interrupt (v.)

c. 1400, "to interfere with a legal right," from Latin interruptus, past participle of interrumpere "break apart, break off, break through," from inter "between" (see inter-) + rumpere "to break" (see rupture (n.), and compare corrupt (adj.)). Meaning "to break into, break in upon, disturb the action of" (especially of speech) is from early 15c. in English (it is also in Latin). Related: Interrupted; interrupting.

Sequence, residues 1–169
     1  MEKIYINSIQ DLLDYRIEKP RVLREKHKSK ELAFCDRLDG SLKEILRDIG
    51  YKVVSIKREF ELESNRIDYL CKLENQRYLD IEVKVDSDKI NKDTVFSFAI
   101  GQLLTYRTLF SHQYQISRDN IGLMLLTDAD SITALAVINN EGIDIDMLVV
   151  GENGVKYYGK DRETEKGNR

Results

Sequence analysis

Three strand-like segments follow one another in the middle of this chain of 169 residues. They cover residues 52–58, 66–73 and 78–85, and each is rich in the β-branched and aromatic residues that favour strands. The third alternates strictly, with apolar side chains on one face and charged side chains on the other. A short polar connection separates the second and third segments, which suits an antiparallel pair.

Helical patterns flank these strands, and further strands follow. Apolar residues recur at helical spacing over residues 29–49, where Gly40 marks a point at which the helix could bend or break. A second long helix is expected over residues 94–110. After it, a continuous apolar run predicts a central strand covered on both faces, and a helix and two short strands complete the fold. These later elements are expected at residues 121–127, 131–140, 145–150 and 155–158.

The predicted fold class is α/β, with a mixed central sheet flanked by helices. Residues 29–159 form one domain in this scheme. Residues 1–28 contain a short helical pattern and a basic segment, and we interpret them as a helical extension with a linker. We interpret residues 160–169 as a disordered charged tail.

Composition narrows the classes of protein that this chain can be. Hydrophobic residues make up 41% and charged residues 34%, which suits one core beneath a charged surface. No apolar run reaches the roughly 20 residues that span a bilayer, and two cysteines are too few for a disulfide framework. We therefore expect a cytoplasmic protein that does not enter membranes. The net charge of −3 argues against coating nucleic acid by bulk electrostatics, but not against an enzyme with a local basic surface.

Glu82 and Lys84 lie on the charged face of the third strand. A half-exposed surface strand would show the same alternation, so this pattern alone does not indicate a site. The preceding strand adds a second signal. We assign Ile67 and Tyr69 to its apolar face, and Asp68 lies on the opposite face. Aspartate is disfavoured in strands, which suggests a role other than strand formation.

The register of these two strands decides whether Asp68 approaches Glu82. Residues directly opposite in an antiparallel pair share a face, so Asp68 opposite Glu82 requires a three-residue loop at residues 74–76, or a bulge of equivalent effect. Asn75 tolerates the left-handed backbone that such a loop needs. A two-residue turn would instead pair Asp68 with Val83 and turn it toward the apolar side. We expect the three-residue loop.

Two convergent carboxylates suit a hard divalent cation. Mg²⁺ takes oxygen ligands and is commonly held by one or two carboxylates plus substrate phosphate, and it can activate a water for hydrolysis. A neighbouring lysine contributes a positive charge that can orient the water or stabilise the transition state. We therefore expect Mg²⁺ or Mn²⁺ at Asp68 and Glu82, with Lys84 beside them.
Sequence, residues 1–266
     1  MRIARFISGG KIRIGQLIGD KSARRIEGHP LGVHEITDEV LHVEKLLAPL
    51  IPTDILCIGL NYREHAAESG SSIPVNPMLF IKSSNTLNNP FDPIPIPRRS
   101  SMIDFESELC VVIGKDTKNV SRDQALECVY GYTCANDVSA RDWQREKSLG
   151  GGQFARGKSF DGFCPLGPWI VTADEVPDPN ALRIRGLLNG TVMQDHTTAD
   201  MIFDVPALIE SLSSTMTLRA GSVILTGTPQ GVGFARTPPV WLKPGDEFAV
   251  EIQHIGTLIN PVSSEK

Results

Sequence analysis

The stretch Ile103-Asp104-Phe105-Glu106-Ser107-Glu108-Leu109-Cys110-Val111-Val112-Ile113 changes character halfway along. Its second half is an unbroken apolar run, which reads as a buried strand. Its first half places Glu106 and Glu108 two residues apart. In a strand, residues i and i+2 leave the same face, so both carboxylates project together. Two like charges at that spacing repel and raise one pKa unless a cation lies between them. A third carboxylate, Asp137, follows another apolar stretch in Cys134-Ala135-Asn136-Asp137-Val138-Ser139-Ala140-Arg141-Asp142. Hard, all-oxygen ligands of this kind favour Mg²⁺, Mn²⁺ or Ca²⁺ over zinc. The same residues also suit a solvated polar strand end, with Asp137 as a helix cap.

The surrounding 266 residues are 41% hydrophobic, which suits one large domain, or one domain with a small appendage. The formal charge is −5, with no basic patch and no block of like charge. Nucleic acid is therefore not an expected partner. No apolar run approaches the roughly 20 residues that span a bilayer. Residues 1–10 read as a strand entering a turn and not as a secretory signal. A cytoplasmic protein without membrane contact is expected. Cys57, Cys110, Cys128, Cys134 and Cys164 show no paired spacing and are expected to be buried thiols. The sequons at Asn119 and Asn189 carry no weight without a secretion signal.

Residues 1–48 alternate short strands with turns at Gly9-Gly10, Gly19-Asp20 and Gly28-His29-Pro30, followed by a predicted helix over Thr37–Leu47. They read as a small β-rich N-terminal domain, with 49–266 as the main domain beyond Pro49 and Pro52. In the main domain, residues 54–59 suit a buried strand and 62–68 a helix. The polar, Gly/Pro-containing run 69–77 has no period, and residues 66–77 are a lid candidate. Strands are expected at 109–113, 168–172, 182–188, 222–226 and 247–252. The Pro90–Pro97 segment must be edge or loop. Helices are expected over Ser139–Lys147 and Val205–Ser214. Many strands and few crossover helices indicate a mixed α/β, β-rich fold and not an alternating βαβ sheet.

interrupt (n.)

"action of interrupting," 1956, originally in computing in reference to programs, from interrupt (v.).

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